Aug 02

[review] Tommy heavenly6: I Kill My Heart

i kill my heartThe brilliant green vocalist Kawase Tomoko’s concurrent solo careers, nerdy 80’s pop singer Tommy february6 and eyeliner-caked rocker Tommy heavenly6, were traditionally a chance for the entire band to let loose and make funny—but still quality—songs about baby candy pop and jumping pumpkin monsters. Literally, the entire band: Bassist Okuda Shunsaku and guitarist Matsui Ryo wrote the songs under pseudonyms. The bubblegum world Kawase fashioned for herself—where she was alternately drunk or sugar high, and surrounded by cheerleaders and toys—provided an endearing, comic alternative the brilliant green’s no-frills rock ‘n’ roll approach.

But with the brilliant green MIA and solo Kawase frequently releasing musical treats, we weren’t getting a substantial main course of music.

Maybe Kawase felt as overdosed on candy corn and lollipops as we did, because her third solo album as Tommy heavenly6, lovably titled I Kill My Heart, is a drastic and edifying departure from the act’s previous bubblegum rock albums. It’s based on a 90’s alternative rock sound like the Smashing Pumpkins. (Now Kawase’s lyrics about pumpkins carry a new meaning.)

The growling guitars and gloominess of “Wait For Me There” recall the brilliant green’s excellent Los Angeles. “Leaving You” is eerily spacey, while the guitars screech in “Shut Up.” In the closing track “You Should Live in the Sunny Light,” Kawase sings with just the accompaniment of a guitar.

Compared to Tommy’s earlier albums, and even the brilliant green’s, I Kill My Heart is surprisingly devoid of hooks and compositional variety. No ballads like “Hey My Friend” change up the flow, no ambitious songs like “Lollipop Candy Bad Girl” provide a centerpiece, and no catchy choruses like that of “Heavy Starry Chain” get stuck in your head. Instead, the songwriting focuses on creating a low-key, melancholic mood and avoids anything that would have compromised it. At only 37 minutes, the album makes for a nice injection of darkness without lasting long enough to become monotonous. But fans expecting more of Kawase’s pop-rock confections may not warm up to I Kill My Heart.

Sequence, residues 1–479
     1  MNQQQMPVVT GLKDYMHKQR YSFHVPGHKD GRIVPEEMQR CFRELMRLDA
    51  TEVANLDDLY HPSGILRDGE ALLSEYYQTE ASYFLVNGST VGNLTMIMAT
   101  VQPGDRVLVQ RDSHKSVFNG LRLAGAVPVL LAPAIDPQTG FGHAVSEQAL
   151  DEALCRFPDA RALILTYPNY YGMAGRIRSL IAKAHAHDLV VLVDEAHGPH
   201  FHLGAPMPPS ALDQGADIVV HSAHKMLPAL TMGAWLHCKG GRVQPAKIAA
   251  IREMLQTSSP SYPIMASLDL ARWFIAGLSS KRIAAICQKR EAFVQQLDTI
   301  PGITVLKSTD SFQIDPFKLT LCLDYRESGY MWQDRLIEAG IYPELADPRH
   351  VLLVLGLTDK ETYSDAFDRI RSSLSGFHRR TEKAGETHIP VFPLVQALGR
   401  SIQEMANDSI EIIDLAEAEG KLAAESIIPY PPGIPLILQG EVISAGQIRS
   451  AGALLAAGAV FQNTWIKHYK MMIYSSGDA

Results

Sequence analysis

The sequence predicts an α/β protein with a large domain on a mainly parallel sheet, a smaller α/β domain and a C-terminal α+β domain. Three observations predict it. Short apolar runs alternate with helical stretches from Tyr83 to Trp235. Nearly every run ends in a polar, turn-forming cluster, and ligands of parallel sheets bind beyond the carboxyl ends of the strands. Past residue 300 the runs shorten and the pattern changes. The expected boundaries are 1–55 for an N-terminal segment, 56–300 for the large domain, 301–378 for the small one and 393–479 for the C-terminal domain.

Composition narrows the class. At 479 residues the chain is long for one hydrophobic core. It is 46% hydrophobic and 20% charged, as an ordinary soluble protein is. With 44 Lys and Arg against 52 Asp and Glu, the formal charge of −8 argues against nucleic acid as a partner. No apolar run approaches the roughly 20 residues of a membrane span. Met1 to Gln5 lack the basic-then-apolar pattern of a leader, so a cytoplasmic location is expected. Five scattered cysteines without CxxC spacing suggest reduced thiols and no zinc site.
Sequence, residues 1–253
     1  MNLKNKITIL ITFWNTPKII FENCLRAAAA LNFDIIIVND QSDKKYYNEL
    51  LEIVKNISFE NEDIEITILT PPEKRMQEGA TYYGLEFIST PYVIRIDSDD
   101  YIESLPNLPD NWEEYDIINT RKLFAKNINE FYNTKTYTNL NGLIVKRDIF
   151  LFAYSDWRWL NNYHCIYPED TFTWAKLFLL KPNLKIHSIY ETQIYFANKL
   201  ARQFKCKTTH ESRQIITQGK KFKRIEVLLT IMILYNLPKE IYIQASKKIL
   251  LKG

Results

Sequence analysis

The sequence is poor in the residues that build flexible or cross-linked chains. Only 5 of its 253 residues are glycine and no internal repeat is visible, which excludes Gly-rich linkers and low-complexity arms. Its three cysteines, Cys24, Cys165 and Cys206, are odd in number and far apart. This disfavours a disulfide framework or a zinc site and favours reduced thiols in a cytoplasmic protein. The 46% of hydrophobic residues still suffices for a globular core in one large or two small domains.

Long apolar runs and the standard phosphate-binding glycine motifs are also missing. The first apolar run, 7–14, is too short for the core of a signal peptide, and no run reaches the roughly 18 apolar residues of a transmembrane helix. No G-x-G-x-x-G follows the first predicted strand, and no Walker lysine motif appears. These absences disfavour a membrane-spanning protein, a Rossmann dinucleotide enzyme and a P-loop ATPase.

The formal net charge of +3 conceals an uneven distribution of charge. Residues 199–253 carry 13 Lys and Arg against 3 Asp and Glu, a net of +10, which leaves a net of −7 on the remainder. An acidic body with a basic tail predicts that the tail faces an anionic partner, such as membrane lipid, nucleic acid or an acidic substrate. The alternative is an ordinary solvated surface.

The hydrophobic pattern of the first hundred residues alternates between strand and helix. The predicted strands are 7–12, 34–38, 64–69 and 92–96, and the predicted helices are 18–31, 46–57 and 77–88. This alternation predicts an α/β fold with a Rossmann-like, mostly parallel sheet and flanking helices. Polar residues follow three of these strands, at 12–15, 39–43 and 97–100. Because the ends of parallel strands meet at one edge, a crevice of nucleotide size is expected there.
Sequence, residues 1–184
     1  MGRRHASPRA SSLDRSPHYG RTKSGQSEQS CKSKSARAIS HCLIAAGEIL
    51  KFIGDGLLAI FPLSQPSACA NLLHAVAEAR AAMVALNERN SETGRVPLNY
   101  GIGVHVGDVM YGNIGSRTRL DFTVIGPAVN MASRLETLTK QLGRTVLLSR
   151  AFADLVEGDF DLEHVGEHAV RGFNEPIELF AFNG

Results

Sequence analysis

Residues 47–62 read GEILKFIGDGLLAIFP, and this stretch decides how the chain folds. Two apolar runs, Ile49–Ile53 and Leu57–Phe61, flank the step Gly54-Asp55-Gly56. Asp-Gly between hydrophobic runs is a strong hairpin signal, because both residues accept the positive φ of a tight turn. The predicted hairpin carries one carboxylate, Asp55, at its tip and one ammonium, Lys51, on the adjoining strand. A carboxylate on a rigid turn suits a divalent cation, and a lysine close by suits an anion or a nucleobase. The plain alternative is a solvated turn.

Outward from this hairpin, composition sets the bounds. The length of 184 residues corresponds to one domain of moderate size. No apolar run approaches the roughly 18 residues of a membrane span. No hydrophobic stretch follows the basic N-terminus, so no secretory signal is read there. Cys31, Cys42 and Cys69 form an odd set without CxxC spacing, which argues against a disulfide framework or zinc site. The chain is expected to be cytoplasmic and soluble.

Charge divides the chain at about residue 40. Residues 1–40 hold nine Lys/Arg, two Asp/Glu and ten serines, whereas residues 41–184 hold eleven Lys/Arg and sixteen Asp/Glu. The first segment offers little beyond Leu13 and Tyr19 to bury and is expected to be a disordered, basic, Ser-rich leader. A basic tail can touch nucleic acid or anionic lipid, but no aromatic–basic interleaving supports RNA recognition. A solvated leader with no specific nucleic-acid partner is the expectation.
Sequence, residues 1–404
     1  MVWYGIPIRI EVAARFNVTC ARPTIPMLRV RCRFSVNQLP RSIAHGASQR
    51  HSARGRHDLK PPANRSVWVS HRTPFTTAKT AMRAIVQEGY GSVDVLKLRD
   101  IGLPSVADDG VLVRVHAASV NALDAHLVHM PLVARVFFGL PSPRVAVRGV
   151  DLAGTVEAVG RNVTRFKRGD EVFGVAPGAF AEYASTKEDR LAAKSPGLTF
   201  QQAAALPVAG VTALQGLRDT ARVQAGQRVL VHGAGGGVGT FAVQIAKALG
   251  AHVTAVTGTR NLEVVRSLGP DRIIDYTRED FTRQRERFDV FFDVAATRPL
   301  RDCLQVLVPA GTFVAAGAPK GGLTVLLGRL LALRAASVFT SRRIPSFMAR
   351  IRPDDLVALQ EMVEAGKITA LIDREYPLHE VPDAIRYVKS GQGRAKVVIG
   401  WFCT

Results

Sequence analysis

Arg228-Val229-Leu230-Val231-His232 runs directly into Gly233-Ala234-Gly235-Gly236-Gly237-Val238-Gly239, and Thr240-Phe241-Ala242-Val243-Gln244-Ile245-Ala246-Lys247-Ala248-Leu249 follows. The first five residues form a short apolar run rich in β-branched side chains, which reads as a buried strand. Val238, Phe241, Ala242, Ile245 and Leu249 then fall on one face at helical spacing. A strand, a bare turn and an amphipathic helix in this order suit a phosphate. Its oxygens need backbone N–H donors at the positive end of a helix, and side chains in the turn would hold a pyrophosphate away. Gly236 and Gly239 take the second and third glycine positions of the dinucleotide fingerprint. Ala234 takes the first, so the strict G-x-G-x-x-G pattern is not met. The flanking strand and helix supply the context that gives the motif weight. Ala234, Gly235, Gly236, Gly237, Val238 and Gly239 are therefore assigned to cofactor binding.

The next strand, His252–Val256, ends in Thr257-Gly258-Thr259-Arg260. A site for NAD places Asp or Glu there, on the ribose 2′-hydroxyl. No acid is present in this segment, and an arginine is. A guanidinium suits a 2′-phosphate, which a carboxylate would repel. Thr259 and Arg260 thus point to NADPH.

They will be happy that the singer’s memorably quirky lyrics remain intact. “Why do you have to kill the prince?/Why do you kill yourself?” Kawase asks in “Sad End To A Fairy Tale,” one of the best songs on the album. “Wait For Me There” name-checks a number of Kawase’s favorite subjects, such as in the verse “The candy house is screaming out!/I’m running through the dancing tombstones/The pumpkin fields forever!” These funny lyrics contrast nicely against the dark music and remind us Kawase never takes herself too seriously.

The brilliant green have said they’ve left their old management and are working on a comeback. I Kill My Heart makes a nice transition between Kawase’s solo music and her meatier band work, but it is also a great album in its own right. If this turns out to be the last Tommy album, it’s a pleasantly surprising closing that reassures us the pumpkin fields will be forever, even if Tommyheavenly6 won’t.


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  1. Blubber911

    Hi victoria can you review Tomiko Van’s from Do as Infinity.. new album “Van”.. i think it’s a good album

    1. Victoria Goldenberg

      Hi! I don’t own a copy of it and therefore haven’t heard it. (I don’t download.) I was never into Do As Infinity, but I remember seeing Tomiko Van performing some of her old solo music on TV and liking it. I’ll keep the album in mind.

  2. Kathy Chee

    I like the heavier, darker sound of this album and the grunge is definitely all over it like hot cakes. It’s so weird that she’s got such an 80′s glam rock cover, but the sound inside doesn’t match.

    1. Victoria Goldenberg

      It would have been funny to see Tommy rocking the grunge look.

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